Final Reflection


The digital world is changing constantly and it is often difficult to keep up to date with its full impact on education and schooling (Howell, 2012). Educators are faced with constant challenge of refining teaching and learning techniques (Howell, 2012). Despite these complexities, the need for a digital pedagogy is clear, as it enhances student engagement and motivation, and educational outcomes become focussed on equipping students with the skills to ensure that they become life-long learners (Howell, 2012). Through the creation of my summations using WordPress, Sway and PowToon, I have come to understand the potential impact of digital technologies on teaching, including skill development, creativity in the classroom and catering to different learning styles.

Blogging, previously had seemed to be something done purely for interest and entertainment. However, I have come to see the opportunities this platform offers, by incorporating multiple literacies, through text, audio and visual elements (Davis & McGrail, 2009; Huffaker, 2004). It has been shown that educational blogging provides authentic learning, creative outlets and improves social skills, literacy, and ICT skills (Morris, 2013). The use of blog programs aid in the development of students ‘digital fluency.’  Blogs offer a place that can be both individualistic and collaborative, that allows self-expression and engagement in digital communities (Huffaker, 2004; Morris, 2013).

Through the inclusion of auditory and visual technologies, such as Sway and PowToon, I have discovered platforms that offer formats suited to the individual learning needs of different students and developed skills to cater to these needs. Visual learners prefer when “ideas, thoughts, concepts, processes and other information are represented and associated with images, graphs, charts and videos,” while “recordings, tapes, video tutorials and many others come under the tools for auditory learning” (Bhaskar, 2013, p. 1). These creatively engaging tools encourage students to use their own skills to present the information they have found (Howell, 2012; Killoran, 2015).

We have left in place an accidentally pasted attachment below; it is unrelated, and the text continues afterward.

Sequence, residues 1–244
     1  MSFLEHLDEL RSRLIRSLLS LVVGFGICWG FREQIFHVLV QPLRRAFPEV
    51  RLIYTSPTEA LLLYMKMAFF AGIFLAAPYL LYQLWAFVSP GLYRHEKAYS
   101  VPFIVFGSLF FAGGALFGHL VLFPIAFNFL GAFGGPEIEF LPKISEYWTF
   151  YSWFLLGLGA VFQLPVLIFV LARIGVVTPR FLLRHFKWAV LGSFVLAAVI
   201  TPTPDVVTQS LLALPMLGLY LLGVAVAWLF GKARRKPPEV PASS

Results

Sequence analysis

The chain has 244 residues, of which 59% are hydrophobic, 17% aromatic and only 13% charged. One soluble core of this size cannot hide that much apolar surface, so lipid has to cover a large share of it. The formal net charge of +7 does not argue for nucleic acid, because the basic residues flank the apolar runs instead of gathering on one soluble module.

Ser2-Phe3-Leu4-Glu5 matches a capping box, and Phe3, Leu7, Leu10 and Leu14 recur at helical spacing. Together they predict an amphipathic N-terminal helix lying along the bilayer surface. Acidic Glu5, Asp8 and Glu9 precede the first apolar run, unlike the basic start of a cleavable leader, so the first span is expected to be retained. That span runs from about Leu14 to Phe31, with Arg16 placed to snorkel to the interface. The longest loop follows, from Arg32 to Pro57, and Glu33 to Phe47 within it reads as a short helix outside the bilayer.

Through my engagement with these technologies, I became familiar with a range of skills. The skills these technologies develop allow students to share ideas, become creators, and join global conversations, which support theories of constructivism, constructionism and connectivism (Howell, 2012; Killoran, 2015). The focus of teachers should be on finding creative ways to inspire students to become engaged learners, particularly by using technology in play (Howell, 2012; Killoran, 2015; Bennett & Lockyer, 1999; Butler-Kisber, 2013; EF Explore America, 2012).


Words: 318


Authur, E. (2013). Digital education revolution – didi it work? [Image]. Retrieved from

Bennett, S., & Lockyer, L. (1999). The impact of digital technologies on teaching and learning in K-12 education. University of Wollongong: Wollongong. Retrieved from

Bhaskar, S. K. (2013) Technology is helping students to adopt their own learning style. Ed Tech Review. Retrieved from

Butler-Kisber, L. (2013). Teaching and learning in the digital world: Possibilities and challenges. Learning landscapes Vol 6(2). Canada. ISSN 1913-5688

Davis, A. P., & McGrail, E. (2009). The joy of blogging. Literacy 2.0, 66 (6), 74-77. Retrieved from

EF Explore America. (2012). What is 21st century education? Retrieved from

Howell, J. (2012). Teaching with ICT: Digital pedagogies for collaboration and creativity. South Melbourne, VIC: Oxford University Press.

Huffaker, D. (2004). The educated blogger: Using Weblogs to promote literacy in the classroom. First Monday, 9(6). doi:10.5210/fm.v9i6.1156

Killoran, T. (2015). Tosca Killoran on how to empower kids with awesome technology. Piktochart Infographics. Retrieved 19 September 2016, from

Morris, K. (2013). The benefits of educational blogging. Retrieved from

Ornelas, L. (n.d.). 21st century teacher. [Image]. Retrieved from

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